210.0 PMO Foundation
The place to start creating your PMO is through a formal organizational definition. This Foundation step gives you the information you need to determine what you should be doing, who your clients are, what your products and services will be, etc. There are many varieties of PMO that can be implemented. This organizational definition process gives you the information you need to define the parameters of the right PMO for your organization.
If you have an existing PMO, but are struggling, this would be the place to revisit. Many times, a PMO will charge off with an aggressive idea of what they need to do, even though their clients and sponsor never validated the underlying organizational assumptions. For instance, you may not have agreements on the objectives you are trying to achieve, which may mean you will not have the high-level support you need when you encounter resistance in your organization.
The Start of the PMO vs. the Start of the Project
The PMO is defined and built as a part of the project, and yet resources from the PMO are required for the Deployment Project in the first place. In other words, it can seem that members of the PMO are needed to actually build the PMO in the first place.
Every project will be somewhat different on how the PMO is staffed and how the deployment project is executed. First, the organization has a vision for what they are trying to accomplish. Someone (or some group) should have already prepared a high-level estimate for what needs to be done and what budget needs to be allocated. This is the funding required to get the first members of the PMO staff into place. This would normally be the manager of the PMO and perhaps one or two additional senior members. This small team starts to prepare the Program Definition for deploying project management, and they bring on additional PMO staff as needed. Obviously, when the PMO is to the point where they need to be building (or buying) the methodology, they may need additional resources. These same people can transition into the role of coach, and they can transition into trainers and presenters for the future awareness and training sessions.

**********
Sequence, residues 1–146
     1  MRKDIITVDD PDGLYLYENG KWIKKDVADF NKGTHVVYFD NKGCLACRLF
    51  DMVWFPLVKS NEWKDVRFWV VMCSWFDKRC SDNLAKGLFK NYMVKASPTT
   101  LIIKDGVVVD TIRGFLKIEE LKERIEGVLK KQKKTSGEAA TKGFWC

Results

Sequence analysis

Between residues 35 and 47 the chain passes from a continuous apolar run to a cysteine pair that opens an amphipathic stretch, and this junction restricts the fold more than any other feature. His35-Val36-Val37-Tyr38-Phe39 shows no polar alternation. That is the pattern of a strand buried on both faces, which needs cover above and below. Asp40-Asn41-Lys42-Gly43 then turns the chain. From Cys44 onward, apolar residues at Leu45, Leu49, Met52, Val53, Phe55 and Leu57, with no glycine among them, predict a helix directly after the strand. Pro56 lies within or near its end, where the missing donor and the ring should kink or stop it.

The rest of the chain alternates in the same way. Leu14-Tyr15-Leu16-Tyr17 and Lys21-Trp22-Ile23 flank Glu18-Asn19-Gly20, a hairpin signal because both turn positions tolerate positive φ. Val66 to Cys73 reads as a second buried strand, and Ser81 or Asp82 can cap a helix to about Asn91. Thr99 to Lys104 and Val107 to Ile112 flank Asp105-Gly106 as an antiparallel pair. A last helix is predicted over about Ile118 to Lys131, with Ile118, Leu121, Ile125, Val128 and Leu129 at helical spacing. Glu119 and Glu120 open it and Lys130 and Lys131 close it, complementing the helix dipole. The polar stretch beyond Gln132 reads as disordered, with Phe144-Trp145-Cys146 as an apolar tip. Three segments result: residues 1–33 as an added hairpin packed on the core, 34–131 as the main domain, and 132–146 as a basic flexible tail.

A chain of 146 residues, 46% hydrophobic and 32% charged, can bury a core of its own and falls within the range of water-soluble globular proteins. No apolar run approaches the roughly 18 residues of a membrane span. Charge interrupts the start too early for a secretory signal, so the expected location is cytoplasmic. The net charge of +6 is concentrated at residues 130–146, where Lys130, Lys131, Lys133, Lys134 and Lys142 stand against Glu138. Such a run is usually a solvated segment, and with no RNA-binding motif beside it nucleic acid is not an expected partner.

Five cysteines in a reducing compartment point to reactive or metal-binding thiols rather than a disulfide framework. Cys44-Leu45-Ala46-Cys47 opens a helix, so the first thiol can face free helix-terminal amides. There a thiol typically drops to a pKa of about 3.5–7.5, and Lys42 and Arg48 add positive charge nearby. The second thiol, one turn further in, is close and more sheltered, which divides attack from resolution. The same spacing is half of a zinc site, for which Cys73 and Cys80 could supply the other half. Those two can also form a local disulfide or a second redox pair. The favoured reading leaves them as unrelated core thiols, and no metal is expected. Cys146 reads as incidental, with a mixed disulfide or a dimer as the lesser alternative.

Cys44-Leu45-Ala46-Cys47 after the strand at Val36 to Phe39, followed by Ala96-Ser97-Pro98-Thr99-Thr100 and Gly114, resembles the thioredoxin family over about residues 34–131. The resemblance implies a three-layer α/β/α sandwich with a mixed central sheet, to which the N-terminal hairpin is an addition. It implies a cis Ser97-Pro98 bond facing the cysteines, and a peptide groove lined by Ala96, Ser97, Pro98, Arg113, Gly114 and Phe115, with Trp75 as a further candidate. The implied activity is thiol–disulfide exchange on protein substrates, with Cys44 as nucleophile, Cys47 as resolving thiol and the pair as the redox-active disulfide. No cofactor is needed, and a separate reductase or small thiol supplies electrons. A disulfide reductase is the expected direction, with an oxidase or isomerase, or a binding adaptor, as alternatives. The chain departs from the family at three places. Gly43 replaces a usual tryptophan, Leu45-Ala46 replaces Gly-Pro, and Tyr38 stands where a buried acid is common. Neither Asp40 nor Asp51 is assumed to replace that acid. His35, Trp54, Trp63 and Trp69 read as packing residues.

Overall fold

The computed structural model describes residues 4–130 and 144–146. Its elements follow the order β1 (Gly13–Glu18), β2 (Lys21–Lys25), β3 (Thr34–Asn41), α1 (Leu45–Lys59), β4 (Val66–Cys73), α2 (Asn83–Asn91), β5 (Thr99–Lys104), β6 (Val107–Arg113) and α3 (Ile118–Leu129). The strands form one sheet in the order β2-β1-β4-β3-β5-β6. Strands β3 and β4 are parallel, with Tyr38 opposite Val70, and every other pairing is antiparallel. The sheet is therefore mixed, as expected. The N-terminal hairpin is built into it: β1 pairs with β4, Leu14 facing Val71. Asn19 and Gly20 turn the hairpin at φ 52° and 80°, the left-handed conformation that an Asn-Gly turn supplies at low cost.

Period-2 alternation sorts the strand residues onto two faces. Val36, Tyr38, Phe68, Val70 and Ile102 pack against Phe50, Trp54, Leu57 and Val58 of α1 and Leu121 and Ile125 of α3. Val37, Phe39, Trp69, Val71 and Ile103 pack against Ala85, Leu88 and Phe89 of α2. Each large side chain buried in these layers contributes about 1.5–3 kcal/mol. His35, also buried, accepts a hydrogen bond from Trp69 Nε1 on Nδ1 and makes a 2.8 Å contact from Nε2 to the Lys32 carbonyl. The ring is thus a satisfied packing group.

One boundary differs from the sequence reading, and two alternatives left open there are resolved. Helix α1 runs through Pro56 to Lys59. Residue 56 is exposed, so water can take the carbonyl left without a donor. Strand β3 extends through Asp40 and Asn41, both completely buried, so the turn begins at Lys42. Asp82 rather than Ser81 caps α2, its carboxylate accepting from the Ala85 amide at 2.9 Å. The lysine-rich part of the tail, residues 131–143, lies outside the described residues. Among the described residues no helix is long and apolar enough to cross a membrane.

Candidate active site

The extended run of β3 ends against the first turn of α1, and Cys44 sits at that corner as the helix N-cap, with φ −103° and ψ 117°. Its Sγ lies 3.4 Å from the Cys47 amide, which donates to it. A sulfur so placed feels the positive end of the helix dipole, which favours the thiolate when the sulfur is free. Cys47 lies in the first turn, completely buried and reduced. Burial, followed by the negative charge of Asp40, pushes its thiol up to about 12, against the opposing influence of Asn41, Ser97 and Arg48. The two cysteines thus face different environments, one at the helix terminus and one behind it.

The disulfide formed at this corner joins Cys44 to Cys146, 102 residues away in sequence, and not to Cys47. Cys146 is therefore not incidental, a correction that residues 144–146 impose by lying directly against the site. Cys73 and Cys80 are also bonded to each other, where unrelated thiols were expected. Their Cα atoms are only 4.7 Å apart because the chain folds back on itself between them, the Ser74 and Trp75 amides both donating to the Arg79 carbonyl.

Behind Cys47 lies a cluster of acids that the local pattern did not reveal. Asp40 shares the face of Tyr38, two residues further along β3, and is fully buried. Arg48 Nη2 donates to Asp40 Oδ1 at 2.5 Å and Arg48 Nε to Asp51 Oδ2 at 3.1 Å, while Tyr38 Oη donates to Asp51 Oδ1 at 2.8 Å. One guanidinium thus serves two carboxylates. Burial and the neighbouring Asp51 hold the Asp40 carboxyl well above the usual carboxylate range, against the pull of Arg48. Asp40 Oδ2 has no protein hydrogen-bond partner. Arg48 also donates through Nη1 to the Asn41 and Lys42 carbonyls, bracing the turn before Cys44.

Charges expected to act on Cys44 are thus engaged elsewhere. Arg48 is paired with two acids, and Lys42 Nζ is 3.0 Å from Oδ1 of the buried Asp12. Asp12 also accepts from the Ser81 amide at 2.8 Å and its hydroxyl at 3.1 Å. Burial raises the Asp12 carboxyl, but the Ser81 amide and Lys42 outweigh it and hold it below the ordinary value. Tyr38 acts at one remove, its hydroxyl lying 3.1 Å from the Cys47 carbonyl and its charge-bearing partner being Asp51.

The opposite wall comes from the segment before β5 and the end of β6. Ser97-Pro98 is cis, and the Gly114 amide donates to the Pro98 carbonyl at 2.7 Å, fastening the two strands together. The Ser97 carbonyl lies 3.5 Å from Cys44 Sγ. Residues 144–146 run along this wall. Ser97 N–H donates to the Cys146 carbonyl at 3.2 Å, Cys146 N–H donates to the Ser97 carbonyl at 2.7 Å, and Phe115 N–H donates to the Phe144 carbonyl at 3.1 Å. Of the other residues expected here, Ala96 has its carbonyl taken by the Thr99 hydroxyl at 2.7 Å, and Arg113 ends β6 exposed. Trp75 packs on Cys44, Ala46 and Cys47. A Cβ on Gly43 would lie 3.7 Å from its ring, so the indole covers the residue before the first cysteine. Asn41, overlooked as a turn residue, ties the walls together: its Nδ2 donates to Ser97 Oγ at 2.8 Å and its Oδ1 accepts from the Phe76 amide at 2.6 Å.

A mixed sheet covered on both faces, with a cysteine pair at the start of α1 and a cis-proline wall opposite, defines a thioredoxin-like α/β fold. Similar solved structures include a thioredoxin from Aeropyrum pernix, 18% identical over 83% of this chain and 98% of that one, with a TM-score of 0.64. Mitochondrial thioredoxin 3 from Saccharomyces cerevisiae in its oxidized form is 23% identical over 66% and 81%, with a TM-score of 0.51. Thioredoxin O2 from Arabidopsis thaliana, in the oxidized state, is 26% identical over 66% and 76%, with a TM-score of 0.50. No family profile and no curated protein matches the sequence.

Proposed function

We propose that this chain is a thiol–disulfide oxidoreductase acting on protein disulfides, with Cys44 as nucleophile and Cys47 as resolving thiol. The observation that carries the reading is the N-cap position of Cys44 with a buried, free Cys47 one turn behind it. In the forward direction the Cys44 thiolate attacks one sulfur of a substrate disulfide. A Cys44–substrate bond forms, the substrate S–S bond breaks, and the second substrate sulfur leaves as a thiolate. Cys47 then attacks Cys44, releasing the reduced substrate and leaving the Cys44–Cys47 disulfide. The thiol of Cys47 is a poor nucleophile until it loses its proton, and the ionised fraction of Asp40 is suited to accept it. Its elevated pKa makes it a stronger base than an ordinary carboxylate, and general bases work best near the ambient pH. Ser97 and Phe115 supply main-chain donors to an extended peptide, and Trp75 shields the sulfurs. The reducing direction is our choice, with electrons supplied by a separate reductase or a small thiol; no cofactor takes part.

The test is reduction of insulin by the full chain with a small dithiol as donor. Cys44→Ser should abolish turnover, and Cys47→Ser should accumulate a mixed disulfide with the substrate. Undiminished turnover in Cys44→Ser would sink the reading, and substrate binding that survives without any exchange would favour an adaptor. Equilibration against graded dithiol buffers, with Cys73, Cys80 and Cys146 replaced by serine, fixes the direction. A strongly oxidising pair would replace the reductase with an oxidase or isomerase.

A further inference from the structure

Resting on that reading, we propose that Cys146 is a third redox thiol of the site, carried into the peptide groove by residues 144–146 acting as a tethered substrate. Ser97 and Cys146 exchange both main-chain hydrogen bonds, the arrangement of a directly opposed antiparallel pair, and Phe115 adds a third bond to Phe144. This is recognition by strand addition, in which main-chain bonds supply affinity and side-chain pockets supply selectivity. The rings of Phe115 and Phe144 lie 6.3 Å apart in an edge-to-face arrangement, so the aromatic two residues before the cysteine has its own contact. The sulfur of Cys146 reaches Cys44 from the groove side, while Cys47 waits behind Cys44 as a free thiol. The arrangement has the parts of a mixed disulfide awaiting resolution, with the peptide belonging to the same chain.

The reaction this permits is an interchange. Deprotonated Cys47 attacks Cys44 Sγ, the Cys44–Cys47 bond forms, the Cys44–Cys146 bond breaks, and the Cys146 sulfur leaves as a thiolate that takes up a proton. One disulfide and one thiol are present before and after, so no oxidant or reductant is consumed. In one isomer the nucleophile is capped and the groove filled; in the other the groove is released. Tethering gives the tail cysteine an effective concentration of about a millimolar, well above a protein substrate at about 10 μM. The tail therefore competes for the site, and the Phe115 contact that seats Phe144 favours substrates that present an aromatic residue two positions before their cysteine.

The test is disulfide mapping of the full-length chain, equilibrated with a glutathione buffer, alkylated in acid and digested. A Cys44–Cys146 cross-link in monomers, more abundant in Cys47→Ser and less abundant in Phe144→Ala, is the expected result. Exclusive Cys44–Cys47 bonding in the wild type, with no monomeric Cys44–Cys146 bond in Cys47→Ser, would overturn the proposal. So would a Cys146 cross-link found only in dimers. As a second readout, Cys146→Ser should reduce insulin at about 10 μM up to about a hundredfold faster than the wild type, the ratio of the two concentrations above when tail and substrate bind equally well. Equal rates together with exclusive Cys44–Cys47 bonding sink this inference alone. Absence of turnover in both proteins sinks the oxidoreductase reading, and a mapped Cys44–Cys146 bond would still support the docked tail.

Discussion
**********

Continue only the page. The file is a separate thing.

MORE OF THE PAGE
In summary, some resources need to come on up-front to get everything organized and planned. If the sponsor approves the final plan and budget, then the PMO gets built according to the plan. The initial team members become the core of the PMO organization as it is defined and built. Other members are brought in to work on the Deployment Project. Like most projects, it takes more resources to build and deploy project management than it will take for the long-term support of the methodology. It is likely that as the PMO successfully deploys project management in the organization, there will be less need for coaching and training services, and the PMO staff will be reduced to some long-term staffing level required to support and enhance the methodology as needed.
Defining the Logical PMO
The value of defining a logical organization is twofold.
You gain clarity and agreement on what you are doing and why. This definition should show the value that you provide to the business and why the PMO exists to begin with. This information is communicated to clients, stakeholders and your own staff.
The logical organization provides a framework for the PMO to guide decision-making in the future. For instance, you would not want to undertake any projects in the PMO that did not help achieve your organizational goals and objectives. Major PMO decisions can be evaluated based on whether they fit into your PMO strategy. The way you deal with people can be defined by your PMO’s principles.
The result of the Foundation step is a PMO Definition.
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210.1 PMO Types
210.2 PMO Sponsorship
210.3 Organizational Change Management
210.4 Building the Logical PMOPMO, project office, project management, portfolio management, project management office, project lifecycle management, project consulting, PMO deployment, project management training, project management templates